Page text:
• North elevation, with living on the first level and main bedroom on the top level
  • Eastern elevation

‘Lakeview’, 127 Hopetoun Circuit, Yarralumla (1982)

‘Lakeview’, at 127 Hopetoun Circuit, Yarralumla, is a group of 11 townhouses facing Lake Burley Griffin designed by Harry Seidler and Associates in 1982 and completed in 1984. The townhouses enjoy an uninterrupted northerly view of the Lake and Black Mountain, with the design of the group ensuring that each house is oriented toward the view.

The group houses exhibit a number of the central ideas present throughout Seidler’s illustrious career: the building as a radiating presence; large outdoor spaces in front; restrained, sober character and the relationship between straight and curved lines.

They represent one of a small number of medium density housing projects in Canberra designed by Seidler, the other major ones being Campbell Group Housing (1964-68) and Garran Housing (1968, demolished in 1999). Other buildings in Canberra designed by Seidler include the Canberra South Bowling Club (1959), Ethos House (1970) and the Barton Offices (1973). Seidler’s only detached houses in Canberra are the Bowden House (1951-52) and 12 Yapunyah Street, O’Connor, now demolished.


The 11 houses are each 230 square metres and constructed of solid masonry materials throughout. Walls are of grey face brick, cavity construction, with concrete floors and tiled steel framed roofs.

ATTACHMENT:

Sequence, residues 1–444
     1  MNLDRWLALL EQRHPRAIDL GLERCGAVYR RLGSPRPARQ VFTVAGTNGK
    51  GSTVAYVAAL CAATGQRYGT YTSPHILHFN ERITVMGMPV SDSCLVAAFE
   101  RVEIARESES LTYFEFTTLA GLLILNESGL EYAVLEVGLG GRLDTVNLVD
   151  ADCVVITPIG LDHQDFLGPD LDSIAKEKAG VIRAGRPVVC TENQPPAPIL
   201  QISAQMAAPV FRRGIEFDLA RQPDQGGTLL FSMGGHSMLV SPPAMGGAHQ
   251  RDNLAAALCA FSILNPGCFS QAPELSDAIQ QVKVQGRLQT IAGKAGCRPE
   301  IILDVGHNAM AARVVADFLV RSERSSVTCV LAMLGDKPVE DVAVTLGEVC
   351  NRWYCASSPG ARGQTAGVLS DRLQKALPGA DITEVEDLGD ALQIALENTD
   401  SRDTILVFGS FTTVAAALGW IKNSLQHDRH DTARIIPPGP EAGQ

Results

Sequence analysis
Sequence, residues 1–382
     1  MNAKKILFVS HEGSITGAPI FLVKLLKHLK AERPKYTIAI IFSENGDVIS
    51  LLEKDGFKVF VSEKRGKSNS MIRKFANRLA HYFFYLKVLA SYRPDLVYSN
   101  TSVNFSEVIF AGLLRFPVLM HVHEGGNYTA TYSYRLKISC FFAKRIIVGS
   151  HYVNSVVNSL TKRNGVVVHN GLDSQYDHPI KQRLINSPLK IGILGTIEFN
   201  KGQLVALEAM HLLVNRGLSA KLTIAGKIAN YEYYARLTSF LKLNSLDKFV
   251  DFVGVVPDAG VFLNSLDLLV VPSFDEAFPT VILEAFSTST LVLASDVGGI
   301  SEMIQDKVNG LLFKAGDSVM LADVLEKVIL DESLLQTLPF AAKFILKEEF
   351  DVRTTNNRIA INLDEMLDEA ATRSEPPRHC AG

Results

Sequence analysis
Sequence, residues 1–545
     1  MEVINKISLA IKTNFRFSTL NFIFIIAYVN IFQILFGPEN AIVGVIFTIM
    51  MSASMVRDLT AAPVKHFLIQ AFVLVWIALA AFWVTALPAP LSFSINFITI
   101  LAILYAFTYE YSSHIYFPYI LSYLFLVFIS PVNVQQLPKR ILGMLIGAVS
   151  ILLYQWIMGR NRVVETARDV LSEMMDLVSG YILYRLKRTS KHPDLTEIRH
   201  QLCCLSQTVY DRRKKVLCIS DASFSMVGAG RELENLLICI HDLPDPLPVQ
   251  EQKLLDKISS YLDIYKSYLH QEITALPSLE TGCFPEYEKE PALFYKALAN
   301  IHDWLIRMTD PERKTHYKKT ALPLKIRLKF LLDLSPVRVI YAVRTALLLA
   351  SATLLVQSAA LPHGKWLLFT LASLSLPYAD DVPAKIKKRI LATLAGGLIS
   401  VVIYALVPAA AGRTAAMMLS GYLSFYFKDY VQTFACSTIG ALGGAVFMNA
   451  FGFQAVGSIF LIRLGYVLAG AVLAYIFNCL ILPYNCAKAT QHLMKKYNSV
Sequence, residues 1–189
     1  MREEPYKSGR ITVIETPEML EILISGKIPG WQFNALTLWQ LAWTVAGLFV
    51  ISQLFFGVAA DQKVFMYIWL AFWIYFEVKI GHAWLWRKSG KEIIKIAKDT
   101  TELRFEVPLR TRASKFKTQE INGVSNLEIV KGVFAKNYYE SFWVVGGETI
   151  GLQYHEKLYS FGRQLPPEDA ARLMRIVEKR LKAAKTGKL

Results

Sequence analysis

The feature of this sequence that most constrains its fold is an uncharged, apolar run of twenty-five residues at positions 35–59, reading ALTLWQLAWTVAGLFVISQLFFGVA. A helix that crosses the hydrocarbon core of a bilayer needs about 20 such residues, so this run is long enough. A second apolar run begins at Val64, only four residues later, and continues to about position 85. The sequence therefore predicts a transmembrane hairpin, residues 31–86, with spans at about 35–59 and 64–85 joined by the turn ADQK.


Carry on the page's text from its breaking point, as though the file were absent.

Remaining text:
Each house is individually air conditioned. The plan of the group is fan shaped, emanating from a central landscaped garden which provides access to the individual, private courtyard entrances. Underneath this garden are the underground garages—ingeniously lit with daylight by large, sculpturally formed openings which emerge in the gardens. The central swimming pool is screened by similarly curved walls, as are most courtyards and the stairwells and driveway entrance to the underground garages.

The houses follow the natural slope of the site and are planned on a split level system which, including the garages, spans 5 levels. The first living level contains the living room which faces north and opens onto a screened garden. Each living room has an individually designed open fire place. The dining room, kitchen and family room are located on the middle level, along with the entrance. From here, stairs lead up to the main bedroom, which faces north, then up further stairs to the other bedrooms overlooking the central garden.

The play between straight and curved lines continues inside the houses. The plans are identical (with the exception of an eastern entry for houses 1, 2 and 11 resulting in larger family rooms) and interior spaces are arranged so that the split levels merge in a high, clerestory lit space above the dining area. The dining area is overlooked by the mezzanine study; its curved parapet and that of the dining room restating the forms used in the entrance courtyard and garden.


  • Kenneth Frampton and Philip Drew, Harry Seidler: Four Decades of Architecture, London, 1992
  • Harry Seidler: Selected and Current Works, The Master Architect Series III, Melbourne, 1997